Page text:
Thursday, August 16, 2012

High on a Mountain

I've been trying to find a moment to blog about this all week!
 
I hiked to the top of my first mountain last Saturday.  It was awesome, something I really should have done long, long ago.  See, I've hiked up many mountains part way in my travels with Matt, but I never really had the desire to climb to the very top of one.  I was so happy just hiking the trails I didn't at all feel I was lacking for anything in the experience.
It may be hard to see, but in the center of this photo...on top of the mountain...is a tiny little square.  This is the fire look-out tower/observation platform at the peak that we hiked to.
On the way up we passed a woman panting by the side of the trail.  She stopped us to ask what the point of walking sticks were.  She was from Missouri and was on her very first hike ever.  The elevation was killing her, but I was super impressed.  She was dead-set on making it to the top.  She also asked me if I knew what "those red flowers" were.  I was glad to tell her they were Indian Paintbrush, one of the few flowers I can identify without my guide. 
You can see the fire look-out tower again in this photo, just a wee bit closer.
Golden Mantled Ground Squirrel.
For many years I also did lack the strength both of mind and body to push myself that far.  I was always of the “It looks AMAZING from here! Let's stop,” mindset.   Some four years ago I camped along the Hyalite Lake, within sight of the trail leading to the peak and I actively chose not to climb it even though it was only a few miles to the top.  I was tired.  I was content to sit by the lake and look up at the peak.   I will still be content to look up at the peaks—they are lovely from any vantage point—humbling and inspiring and breathtaking.  But I now know the thrill of pushing myself up, up, up and seeing the world from the top, too.  It is like nothing else.  
 
Lewis's Western Flax.

Matt, comparing his map with the view as we tried to locate a few different mountains and features.  The Grand Canyon of the Yellowstone is the divide between the trees in the middle of the vista.
Driving on mountain roads or hiking along the trails one is frequently caught by the thought that everything is so huge, so open, so endless.  The mountainscapes, the countless trees, the big blue sky filled with puffy white clouds—they seem enormous and stretch on to eternity.  It is even more so from the top.  It is like being on a magnifying glass that enhances the beauty of everything somehow even though it was already stunning.   Even through the smokey haze (caused by all the wildfires) I could still see on and on, over mountain ranges.  Over the millions of trees appearing as an unbroken velvet carpet.  The clouds seemingly so close you could reach out to them.  It was quite thrilling and quite freeing.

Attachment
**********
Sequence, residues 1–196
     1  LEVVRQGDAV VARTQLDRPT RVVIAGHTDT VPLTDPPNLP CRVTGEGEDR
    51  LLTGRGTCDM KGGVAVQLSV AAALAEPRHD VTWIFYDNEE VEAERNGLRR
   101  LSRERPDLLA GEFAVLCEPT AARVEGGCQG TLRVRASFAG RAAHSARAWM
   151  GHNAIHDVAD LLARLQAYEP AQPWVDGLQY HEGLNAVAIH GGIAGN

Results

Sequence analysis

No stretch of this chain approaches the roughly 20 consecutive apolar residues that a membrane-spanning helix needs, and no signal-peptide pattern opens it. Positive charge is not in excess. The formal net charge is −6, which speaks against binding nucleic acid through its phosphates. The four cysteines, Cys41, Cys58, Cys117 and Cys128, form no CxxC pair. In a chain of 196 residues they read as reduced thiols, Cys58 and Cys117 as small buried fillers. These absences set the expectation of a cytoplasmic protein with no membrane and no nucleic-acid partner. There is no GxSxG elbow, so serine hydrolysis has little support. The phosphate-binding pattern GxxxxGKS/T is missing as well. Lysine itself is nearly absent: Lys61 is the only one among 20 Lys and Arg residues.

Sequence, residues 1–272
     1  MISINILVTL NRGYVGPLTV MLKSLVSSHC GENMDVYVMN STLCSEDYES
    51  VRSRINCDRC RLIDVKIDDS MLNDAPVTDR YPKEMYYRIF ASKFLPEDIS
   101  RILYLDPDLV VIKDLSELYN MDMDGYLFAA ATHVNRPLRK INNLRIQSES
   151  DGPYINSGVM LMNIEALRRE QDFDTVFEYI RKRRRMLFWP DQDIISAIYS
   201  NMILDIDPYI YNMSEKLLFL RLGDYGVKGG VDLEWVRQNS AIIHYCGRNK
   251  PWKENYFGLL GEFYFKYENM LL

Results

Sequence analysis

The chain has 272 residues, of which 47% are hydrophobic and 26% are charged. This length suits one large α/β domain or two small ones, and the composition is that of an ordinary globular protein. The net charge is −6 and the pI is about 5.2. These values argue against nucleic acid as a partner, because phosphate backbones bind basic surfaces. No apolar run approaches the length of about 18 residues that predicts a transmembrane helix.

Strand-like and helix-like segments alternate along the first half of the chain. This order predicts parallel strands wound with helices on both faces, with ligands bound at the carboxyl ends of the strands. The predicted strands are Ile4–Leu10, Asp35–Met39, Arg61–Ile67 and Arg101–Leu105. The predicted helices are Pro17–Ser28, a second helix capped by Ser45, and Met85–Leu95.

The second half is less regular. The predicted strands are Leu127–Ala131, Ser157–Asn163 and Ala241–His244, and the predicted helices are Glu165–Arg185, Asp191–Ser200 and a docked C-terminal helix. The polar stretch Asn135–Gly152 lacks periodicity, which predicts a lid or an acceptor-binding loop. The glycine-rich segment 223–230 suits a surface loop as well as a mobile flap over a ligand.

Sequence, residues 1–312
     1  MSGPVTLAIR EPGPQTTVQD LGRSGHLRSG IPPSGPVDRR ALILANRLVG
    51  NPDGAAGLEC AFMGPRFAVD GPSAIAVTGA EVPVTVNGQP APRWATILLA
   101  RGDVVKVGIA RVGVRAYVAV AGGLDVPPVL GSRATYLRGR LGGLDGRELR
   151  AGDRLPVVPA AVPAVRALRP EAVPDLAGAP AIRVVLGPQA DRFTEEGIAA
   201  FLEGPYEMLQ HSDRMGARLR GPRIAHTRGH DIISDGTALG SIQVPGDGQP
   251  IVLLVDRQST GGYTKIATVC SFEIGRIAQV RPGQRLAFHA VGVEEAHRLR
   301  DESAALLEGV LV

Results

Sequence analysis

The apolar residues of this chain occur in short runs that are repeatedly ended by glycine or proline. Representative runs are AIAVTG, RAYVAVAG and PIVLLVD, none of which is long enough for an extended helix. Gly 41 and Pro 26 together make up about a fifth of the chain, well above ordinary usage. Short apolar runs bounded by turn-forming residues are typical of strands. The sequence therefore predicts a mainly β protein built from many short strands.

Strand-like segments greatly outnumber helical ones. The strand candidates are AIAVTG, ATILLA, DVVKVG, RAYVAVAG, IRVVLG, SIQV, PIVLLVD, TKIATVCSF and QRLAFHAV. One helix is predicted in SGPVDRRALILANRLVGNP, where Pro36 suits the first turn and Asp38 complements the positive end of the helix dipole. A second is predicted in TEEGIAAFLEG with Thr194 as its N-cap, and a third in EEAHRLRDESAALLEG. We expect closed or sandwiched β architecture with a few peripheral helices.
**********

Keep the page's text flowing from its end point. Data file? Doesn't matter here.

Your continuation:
Yellow Bellied Marmot.
Exhilaration and triumph.

Happy to be at the top.  The woman from Missouri took this photo for us.   We were enjoying the view and a granola bar on a boulder at the top when she came up the trail.  She hadn't given up!  She was very proud to have made it all the way and we made sure to congratulate her profusely.  What a first hike!

“Climb the mountains and get their good tidings. Nature's peace will flow into you as sunshine flows into trees. The winds will blow their own freshness into you, and the storms their energy, while cares will drop off like autumn leaves.” - John Muir

5 comments:

  1. What a wonderful day! Love the view from the Mountain top and the creatures are awesome!

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  2. Those are beautiful views. I never did see the fire tower. Check to description under the second picture and see if you left something out to hlep identify where it is.

    So, what is the purpose of a walking stick? Maybe another post? When I walked around the house with my long hoe with the small head, looking for something trying to get my hens, I thought it was restful to use the hoe as a walking stick. But, I might have been doing it all wrong.

    If I used a walking stick, its main purpose would be for snakes and two-legged snakes--to hit them.

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    Replies
    1. Well, it was pretty far away in the photos. Even when you enlarge them (by clicking on them) the tower is just a wee little dark spot on the top of the mountain.

      Walking sticks help with:
      Balance, especially if you say, stumble over a stone and need to regain your balance.
      Crossing streams on logs or stepping stones, again because they help you balance.
      Greater propelling action as you walk up hill and a gentle way of decreasing/limiting the speed on the downhill so you don't end up gaining undesired speed due to the fact you're working with gravity.

      But in brief: They are your 3rd (or 4th if you carry two) leg which helps keep you moving and upright.

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    2. Oh, and I should add that I have a student who works from me who is from Kenya. He always carries a snake hitting stick when going on walks and runs. He really hates snakes and had to use the stick many times in Africa. He still carries it here even though we have many fewer snakes. His track team mates are amused. But, if there ever is a snake he will be prepared!

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Thanks for taking the time to share your thoughts and ideas. I value the advice and friendship that you share with me!